This is the text of the message I prepared for Morwell Uniting Church for Sunday 5th November 2017.
Revelation 7:9-17; Psalm 34:1-10, 22; Matthew 5:1-12
You know, all was once fine with me and the story beginning at Matthew 5:1, but after I attended theology college and studied the Synoptic Gospels (of which Matthew is the second), it almost makes me want to smirk. Like you, I have heard more than one sermon on “The Sermon on the Mount”, and I have seen more than one film where this episode from Jesus’ life is shown in cinematic form. You know how it rolls, the crowds gather, and Jesus stands atop a mountain declaring “Blessed art thou when…” and so forth. Even Monty Python’s “Life of Brian” features a scene where “blessed are the cheesemakers” is proclaimed to the impatient multitudes. But I ask you, how many people are recorded in Matthew’s gospel as having heard Jesus speak that day? Anyone? C’mon, I know that Matthew does not give an exact number, but it is inferred from the verses immediately before this passage. No? Four. Simon the brother of Andrew, Andrew, James, and John the brother of James, these are the disciples of Jesus as recorded by Matthew in 4:18-22. Matthew 5:1-2 plainly and in NRSV English says that after Jesus saw the crowds he went up the mountain: and after he sat down his disciples came to him. Then he began to speak and taught them… In other words, having seen the crowds Jesus withdraws and sits with his disciples, and of disciples we know of only four so early in the life and ministry of Jesus. Now I’m not here to change your theology, well not until I’ve been here a bit longer anyway, but it does make for an interesting idea. Jesus takes his dearest followers, his disciples, in other words his student-slash-apprentices away from the crowd to begin their lessons where Jesus can speak freely, and he won’t be interrupted.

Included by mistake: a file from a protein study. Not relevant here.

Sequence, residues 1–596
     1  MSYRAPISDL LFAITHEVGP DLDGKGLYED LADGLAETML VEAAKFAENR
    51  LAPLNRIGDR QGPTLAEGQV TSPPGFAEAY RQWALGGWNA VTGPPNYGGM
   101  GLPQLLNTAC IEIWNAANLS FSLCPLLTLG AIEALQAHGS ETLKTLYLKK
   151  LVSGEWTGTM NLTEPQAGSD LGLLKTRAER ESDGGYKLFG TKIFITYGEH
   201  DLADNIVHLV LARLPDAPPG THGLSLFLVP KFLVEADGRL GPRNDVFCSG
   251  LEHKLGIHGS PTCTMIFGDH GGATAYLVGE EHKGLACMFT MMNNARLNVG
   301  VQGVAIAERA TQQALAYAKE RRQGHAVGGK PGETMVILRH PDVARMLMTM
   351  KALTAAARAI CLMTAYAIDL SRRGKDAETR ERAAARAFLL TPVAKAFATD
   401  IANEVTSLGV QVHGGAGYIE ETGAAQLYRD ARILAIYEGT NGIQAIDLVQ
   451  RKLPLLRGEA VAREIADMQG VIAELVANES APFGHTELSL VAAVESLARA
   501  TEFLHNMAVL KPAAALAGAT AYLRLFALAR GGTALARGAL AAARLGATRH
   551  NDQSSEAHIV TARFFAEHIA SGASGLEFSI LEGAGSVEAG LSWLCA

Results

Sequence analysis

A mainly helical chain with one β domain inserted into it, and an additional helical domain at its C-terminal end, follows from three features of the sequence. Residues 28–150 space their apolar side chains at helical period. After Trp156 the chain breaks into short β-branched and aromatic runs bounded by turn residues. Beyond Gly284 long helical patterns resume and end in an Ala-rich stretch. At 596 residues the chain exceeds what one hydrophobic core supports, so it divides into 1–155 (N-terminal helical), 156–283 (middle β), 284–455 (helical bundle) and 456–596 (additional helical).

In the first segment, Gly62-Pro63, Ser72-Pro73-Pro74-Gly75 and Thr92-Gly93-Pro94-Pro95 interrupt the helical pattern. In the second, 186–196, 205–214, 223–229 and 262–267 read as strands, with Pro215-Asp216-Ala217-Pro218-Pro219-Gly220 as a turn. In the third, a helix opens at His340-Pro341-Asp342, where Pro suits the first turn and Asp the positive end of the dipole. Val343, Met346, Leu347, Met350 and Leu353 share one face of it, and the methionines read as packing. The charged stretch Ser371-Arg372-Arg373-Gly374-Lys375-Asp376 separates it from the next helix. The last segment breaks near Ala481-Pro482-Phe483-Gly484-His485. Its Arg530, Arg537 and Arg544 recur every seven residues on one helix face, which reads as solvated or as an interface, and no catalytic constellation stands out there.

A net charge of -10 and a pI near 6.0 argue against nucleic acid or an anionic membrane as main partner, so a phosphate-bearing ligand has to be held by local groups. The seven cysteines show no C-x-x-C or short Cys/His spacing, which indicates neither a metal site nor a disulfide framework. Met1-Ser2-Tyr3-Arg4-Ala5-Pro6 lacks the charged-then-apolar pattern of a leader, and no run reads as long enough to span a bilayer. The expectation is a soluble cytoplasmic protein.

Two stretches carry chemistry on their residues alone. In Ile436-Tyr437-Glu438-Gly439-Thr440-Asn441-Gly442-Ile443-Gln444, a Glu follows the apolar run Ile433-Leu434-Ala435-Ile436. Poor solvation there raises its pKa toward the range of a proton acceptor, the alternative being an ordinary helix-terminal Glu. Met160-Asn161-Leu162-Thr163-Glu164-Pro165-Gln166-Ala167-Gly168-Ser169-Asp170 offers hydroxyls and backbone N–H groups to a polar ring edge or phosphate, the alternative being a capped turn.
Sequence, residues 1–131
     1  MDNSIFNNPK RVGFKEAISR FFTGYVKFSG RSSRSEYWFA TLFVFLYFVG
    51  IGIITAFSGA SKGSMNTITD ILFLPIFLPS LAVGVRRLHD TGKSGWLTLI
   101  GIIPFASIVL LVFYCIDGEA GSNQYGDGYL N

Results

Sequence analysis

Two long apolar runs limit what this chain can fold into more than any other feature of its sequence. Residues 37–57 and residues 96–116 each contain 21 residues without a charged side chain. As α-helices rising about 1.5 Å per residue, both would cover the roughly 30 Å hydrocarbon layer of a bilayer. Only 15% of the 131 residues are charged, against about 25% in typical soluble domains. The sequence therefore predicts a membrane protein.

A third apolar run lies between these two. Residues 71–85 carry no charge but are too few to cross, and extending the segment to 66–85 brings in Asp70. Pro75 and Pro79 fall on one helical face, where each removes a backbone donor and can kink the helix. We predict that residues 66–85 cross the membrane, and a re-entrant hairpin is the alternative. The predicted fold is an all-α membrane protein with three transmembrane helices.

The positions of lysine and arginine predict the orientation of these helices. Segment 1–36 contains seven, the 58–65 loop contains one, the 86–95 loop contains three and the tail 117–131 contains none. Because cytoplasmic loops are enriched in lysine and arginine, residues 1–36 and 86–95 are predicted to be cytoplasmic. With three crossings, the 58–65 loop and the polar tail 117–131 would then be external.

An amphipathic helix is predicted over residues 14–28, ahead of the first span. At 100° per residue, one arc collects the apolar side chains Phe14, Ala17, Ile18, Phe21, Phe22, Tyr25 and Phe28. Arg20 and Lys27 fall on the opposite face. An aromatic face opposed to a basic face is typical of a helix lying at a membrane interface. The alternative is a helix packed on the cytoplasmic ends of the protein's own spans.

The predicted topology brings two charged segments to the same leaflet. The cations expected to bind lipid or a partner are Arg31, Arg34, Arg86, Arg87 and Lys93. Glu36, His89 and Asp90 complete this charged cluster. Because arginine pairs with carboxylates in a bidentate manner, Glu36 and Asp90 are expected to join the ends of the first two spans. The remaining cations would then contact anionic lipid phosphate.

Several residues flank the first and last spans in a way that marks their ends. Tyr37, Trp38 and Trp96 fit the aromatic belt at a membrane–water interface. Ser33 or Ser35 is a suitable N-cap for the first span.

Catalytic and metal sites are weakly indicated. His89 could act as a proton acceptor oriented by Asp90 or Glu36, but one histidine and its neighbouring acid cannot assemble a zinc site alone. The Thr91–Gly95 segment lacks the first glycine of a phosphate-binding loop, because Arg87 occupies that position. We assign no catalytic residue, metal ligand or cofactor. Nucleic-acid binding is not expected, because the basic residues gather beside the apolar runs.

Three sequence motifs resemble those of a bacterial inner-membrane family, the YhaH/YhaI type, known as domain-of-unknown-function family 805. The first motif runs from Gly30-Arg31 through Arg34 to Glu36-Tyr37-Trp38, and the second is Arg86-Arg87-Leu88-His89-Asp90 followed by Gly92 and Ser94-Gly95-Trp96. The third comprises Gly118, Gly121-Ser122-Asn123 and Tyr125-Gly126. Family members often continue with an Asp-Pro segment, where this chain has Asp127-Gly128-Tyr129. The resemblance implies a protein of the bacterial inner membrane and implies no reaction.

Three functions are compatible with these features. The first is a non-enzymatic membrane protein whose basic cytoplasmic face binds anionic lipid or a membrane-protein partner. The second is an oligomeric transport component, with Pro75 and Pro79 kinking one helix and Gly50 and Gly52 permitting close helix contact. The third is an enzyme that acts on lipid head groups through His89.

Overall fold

Is that significant? Does it matter that there were only four men listening that day, or am I just being a smart-alec with my theology degree? Well, it’s probably a bit of both but I hope it’s more about the first. For me it is significant as we speak about the saints today that sometimes saints gather in small groups as well as large. Sometimes, as in Revelation 7 the saints are the whole crowd; sometimes, as in Psalm 34 one saint is alone and isolated; and sometimes, as in Matthew 5 the saints are a small group called aside from the crowd.
From Revelation we read today of the great multitude gathered in Heaven at the end of days (we spoke of that last week). They testify that salvation belongs to The LORD God enthroned, and to the Lamb. Heaven’s company responds by falling face down in worship and crying blessing and honour, according God and the Lamb with everlasting power and might. The one to whom this story is revealed is told that the multitude are the once living who have endured and come through: in other words, their testimony is the story of individual and corporate human lived experience. These are the conquerors, the victorious martyrs, the undefiled witnesses (Revelation 7:14b). Now they are home and safe, never again to be hungry or terrorised, and never again to weep. The fact that this is a multitude can and should encourage us as a small congregation that we are not alone. Like we prayed last week as a cluster for the ones and twos and tens of the persecuted church, so we can be encouraged even as a handful in the Latrobe Valley that we are not alone either. We are the heritage and current expression of two millennia, seven continents, and billions of lives of tradition and praise. Where, according to the commentator I read this week the church in John’s day represented 1 in 625 people in the Roman world, today we are 1 in 3 people in the whole planet. And as Revelation 7:9 assures, the diversity of the Church is our strength.